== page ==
Susan Walsh / AP

A day after Gen. John Kelly was named the new chief of staff, he called Attorney General Jeff Sessions to let him know his job was safe, according to the AP. President Trump had attacked Sessions for recusing himself from the Russia probe, venting in a New York Times interview, in a press conference and on Twitter.

Kelly reportedly delivered the call on Saturday. On Monday, incoming Press Secretary Sarah Sanders said that Trump has "100 percent confidence" in all of his Cabinet.

Why it matters: The call shows that Kelly is intent on getting the White House in working order by eliminating sources of controversy and internal division.

This sounds familiar: After incurring Trump's wrath, other administration figures, notably Steve Bannon, were also able to escape the president's doghouse (though it's not certain that Sessions is fully in the clear).

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Gulf Coast braces for Zeta after storm strengthens into hurricane

Hurricane Zeta's forecast path. Photo: National Hurricane Center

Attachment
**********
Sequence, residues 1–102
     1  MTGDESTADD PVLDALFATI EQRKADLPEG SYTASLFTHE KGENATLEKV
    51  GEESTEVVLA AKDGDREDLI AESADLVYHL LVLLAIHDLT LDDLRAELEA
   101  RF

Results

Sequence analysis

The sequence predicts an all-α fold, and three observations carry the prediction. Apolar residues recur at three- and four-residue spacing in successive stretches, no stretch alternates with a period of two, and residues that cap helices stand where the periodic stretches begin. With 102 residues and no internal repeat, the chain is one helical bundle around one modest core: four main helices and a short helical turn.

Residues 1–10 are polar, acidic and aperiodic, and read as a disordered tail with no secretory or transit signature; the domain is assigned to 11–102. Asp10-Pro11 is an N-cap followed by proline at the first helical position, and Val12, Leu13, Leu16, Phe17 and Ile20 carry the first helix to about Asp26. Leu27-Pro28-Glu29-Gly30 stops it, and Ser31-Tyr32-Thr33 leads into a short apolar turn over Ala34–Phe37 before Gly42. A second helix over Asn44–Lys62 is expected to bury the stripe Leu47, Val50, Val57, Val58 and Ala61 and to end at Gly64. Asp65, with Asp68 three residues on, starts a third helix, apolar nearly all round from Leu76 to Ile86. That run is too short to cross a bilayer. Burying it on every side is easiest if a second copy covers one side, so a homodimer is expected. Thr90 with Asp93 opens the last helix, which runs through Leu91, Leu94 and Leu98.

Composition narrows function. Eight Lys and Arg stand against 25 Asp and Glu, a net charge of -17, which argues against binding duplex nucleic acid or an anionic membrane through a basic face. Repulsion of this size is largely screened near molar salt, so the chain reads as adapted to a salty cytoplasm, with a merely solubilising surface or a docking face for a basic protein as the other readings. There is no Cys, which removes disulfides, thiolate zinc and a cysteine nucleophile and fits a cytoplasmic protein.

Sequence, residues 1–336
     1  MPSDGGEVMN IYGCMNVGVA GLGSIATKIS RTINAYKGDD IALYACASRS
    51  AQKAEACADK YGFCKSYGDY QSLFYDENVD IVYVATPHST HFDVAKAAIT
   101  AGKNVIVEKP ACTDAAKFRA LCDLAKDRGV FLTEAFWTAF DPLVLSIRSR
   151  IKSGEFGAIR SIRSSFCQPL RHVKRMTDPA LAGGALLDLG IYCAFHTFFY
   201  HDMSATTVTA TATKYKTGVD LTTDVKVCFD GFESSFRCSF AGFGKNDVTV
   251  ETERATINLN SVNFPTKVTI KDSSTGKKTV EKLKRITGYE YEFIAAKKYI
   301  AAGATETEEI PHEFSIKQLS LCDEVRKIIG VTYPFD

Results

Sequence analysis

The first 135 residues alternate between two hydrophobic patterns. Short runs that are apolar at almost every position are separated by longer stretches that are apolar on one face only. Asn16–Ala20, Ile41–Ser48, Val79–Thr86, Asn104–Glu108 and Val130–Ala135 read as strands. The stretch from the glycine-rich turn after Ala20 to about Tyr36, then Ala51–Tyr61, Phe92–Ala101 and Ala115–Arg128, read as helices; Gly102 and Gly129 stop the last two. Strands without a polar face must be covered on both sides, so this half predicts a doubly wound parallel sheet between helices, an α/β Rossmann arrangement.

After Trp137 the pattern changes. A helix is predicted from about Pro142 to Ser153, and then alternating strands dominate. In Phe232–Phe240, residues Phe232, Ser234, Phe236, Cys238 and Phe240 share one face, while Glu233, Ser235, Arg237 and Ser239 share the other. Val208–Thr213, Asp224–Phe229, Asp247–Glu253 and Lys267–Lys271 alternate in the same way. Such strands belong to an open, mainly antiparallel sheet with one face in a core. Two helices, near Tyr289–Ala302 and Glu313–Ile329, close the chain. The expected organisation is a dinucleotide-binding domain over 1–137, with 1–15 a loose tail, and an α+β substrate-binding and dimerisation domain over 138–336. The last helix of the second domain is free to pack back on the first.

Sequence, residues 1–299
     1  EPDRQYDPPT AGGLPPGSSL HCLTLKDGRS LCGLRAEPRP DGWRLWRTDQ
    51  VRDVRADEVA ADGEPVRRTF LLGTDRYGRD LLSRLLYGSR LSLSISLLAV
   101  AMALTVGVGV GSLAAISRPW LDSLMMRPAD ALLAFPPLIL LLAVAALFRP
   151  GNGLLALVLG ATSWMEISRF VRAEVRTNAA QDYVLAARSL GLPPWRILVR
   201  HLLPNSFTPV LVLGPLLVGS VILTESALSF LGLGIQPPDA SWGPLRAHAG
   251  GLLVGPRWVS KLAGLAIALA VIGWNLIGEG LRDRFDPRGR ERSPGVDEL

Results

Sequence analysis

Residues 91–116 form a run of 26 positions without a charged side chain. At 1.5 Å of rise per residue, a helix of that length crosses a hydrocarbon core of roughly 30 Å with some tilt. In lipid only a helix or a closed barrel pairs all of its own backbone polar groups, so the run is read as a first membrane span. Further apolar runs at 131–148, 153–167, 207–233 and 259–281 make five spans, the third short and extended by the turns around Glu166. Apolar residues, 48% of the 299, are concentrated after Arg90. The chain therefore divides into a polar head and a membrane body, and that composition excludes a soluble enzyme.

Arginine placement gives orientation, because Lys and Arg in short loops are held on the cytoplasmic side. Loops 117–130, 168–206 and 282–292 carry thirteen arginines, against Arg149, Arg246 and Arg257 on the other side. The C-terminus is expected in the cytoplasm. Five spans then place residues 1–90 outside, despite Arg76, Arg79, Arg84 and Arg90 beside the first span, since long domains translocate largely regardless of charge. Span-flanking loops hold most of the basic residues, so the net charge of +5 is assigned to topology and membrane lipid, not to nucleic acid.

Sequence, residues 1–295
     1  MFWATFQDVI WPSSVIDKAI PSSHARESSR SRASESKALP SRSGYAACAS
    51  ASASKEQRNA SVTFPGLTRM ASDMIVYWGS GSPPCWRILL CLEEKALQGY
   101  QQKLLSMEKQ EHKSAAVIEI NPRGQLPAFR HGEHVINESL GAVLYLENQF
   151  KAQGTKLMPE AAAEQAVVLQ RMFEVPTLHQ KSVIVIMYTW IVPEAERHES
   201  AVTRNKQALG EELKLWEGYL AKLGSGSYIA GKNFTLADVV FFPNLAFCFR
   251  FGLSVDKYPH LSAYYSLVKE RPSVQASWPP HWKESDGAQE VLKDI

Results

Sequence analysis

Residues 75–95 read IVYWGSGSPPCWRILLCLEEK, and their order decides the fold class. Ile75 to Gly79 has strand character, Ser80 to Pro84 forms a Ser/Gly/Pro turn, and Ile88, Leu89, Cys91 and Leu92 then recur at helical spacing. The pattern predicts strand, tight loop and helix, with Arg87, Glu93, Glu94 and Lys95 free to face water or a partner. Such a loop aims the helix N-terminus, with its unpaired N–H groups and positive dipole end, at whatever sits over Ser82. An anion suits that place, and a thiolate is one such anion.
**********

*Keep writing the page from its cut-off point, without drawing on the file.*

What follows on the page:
Louisiana Gov. John Bel Edwards (D) declared a state of emergency Monday as Zeta strengthened into a hurricane and threatened Mexico's Yucatan Peninsula as it moved towards the U.S. Gulf Coast.

The state of play: Zeta was expected to make landfall on the northern part of the Yucatan Peninsula Monday night, bringing with it a "dangerous storm surge" and "heavy rainfall" as it moved into the Gulf of Mexico, the National Hurricane Service said.

Updated 1 hour ago - Politics & Policy

Coronavirus dashboard

Illustration: Sarah Grillo/Axios

  1. Politics: The swing states where the pandemic is raging — Pence no longer expected to attend Barrett confirmation vote after COVID exposure.
  2. Health: 13 states set single-day case records last week
  3. Business: Where stimulus is needed most.
  4. Education: The dangerous instability of school re-openings.
  5. World: Restrictions grow across Europe.
  6. Media: Fox News president and several hosts advised to quarantine.

Supreme Court rejects request to extend Wisconsin absentee ballot deadline

Photo: Saul Loeb/AFP via Getty Images

The Supreme Court in a 5-3 decision Monday rejected an effort by Wisconsin Democrats and civil rights groups to extend the state's deadline for counting absentee ballots to six days after Election Day, as long as they were postmarked by Nov. 3.

Why it matters: All ballots must now be received by 8 p.m. on Election Day in Wisconsin, a critical swing state in the presidential election.